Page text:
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By 10 March 2011 | Categories: news

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Yesterday saw the first day of the annual Pwn2Own hacking contest held at CanSecWest in Vancouver, Canada, where a number of hacking teams tested the mettle of the most popular web browsers available.

According to eWeek, Apple's Safari browser on Mac OS X and Microsoft's Internet Explorer 8 for Windows 7, fell to hackers on the very first day of the competition.

The contest saw security researchers taking turns at trying to infiltrate the latest versions of Microsoft Internet Explorer, Mozilla Firefox, Google Chrome and Apple's Safari web browsers.

Despite a last minute update from Apple, Safari was still the first browser to be cracked when a French penetration test company, VUPEN, exploited a zero-day flaw in the browser to win the challenge. Attendees posted messages on Twitter saying VUPEN cracked Safari in "five seconds". The team walked away with a $15 000 prize and a new MacBook Air.

Chaouki Bekrar, co-founder of VUPEN, used a website that compromised a 64-bit version of a fully patched Mac OS X running on a MacBook. As Bekrar told Ryan Naraine from ZDNet, VUPEN's three-man team spent about two weeks finding the vulnerability in WebKit, the open-source browser rendering engine Safari is based on.

The team had to launch the calculator application and write a file to the hard drive to prove they had gained full user access on the hijacked machine, all thanks to a browser vulnerability.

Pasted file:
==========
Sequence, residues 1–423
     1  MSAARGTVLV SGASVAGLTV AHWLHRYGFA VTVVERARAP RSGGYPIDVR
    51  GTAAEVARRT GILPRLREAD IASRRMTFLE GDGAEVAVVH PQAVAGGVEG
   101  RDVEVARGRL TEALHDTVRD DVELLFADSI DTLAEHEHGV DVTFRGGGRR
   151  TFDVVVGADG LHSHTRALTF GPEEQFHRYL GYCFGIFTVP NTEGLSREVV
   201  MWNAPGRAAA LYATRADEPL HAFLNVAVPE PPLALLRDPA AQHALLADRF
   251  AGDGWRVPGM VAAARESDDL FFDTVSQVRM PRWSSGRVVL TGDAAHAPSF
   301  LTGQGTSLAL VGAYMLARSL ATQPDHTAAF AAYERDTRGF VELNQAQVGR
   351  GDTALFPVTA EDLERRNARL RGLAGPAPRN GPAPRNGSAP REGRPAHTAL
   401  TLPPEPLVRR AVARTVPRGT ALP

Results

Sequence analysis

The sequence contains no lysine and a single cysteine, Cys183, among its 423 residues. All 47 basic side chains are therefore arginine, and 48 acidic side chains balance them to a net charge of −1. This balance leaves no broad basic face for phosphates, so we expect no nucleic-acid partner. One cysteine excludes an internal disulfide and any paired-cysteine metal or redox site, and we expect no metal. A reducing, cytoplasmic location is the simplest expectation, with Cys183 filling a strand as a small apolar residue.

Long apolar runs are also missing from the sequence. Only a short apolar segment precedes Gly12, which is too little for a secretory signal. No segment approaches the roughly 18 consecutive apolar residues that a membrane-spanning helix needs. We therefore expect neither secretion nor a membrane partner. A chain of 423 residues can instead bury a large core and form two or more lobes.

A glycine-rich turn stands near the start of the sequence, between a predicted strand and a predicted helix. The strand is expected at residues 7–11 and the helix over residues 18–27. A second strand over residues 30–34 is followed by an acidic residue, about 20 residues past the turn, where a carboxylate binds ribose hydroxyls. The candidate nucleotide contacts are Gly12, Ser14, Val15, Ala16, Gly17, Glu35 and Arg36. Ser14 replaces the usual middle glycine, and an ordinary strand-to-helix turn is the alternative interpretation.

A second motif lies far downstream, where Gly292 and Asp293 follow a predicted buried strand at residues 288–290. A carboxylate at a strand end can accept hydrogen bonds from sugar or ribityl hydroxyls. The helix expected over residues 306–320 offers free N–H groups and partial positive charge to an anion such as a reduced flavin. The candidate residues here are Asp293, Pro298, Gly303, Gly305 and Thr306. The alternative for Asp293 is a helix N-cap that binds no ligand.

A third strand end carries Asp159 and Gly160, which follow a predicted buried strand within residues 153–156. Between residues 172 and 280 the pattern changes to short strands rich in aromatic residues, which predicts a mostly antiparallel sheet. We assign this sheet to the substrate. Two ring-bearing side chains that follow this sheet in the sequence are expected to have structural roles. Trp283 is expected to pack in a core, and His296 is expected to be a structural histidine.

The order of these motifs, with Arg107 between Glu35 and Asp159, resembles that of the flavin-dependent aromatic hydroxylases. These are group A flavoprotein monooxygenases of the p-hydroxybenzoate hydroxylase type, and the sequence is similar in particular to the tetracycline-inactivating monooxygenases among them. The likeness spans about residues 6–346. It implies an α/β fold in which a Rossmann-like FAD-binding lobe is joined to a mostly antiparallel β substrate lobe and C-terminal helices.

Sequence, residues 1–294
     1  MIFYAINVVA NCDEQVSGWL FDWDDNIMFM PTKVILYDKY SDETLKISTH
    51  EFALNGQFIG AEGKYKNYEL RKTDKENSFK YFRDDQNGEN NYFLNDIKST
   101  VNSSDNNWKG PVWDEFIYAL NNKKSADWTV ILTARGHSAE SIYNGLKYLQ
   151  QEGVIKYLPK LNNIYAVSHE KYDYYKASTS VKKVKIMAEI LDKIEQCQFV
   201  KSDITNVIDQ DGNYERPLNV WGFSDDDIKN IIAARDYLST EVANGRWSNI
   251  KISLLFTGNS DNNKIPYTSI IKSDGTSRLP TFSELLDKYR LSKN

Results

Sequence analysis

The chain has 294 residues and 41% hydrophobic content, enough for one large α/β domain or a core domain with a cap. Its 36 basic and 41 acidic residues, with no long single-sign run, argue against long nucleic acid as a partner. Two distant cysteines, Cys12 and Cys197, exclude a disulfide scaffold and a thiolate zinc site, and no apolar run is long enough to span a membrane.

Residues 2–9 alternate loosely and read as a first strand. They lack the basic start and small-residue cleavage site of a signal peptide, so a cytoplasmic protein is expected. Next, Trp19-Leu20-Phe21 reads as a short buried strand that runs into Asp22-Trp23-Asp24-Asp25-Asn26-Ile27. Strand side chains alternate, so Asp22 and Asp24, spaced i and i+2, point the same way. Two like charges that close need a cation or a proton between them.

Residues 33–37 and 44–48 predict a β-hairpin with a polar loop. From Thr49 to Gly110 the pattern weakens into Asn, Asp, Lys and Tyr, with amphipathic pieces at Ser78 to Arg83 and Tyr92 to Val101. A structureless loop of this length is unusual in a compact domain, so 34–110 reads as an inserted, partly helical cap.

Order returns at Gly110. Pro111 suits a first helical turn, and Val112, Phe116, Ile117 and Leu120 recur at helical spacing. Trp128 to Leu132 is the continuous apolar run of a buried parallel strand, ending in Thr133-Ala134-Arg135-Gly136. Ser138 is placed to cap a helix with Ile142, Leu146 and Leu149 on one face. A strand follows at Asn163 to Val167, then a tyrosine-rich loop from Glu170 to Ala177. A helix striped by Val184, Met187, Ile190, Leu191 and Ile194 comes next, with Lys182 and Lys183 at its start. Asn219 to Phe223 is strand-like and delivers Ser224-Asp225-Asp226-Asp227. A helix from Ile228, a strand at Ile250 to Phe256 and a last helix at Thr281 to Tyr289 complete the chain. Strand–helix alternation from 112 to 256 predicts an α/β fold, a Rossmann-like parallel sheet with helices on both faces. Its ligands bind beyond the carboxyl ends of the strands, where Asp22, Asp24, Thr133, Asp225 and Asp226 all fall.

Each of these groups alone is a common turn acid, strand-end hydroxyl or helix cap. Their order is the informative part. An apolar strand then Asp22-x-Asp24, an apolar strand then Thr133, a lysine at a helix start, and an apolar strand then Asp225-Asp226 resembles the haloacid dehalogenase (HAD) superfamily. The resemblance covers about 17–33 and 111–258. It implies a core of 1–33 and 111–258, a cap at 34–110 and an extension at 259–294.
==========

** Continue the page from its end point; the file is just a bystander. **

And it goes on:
Apple wasn't alone in its embarrassment though, as Microsoft's Internet Explorer was also cracked, with the prize going to Irish security researcher, Stephen Fewer. He hacked into a machine running a 64-bit version of Windows 7 by exploiting similar exploits in Internet Explorer 8. Fewer apparently exploited two zero-day bugs and then a third vulnerability that allowed him to get out of IE's Protected Mode and into the innards of the operating system.

Google's Chrome was left high and dry however, as the two analysts who had signed up to hack the browser had either not shown up or decided to focus on RIM's BlackBerry smartphone. Mozilla's Firefox is scheduled to undergo an exploit test later today.

The mobile platform portion of the contest is also scheduled to take place today, with teams attempting to hack Apple's iOS, Google's Android, Microsoft's Windows Phone 7 and RIM's BlackBerry OS. A $15 000 award will be given to the first successful hack of each smartphone OS.

So while it seems Microsoft and Apple are out of the browser race, it will be interesting to see how they fare in the smartphone portion, arguably a more important market for Apple. 

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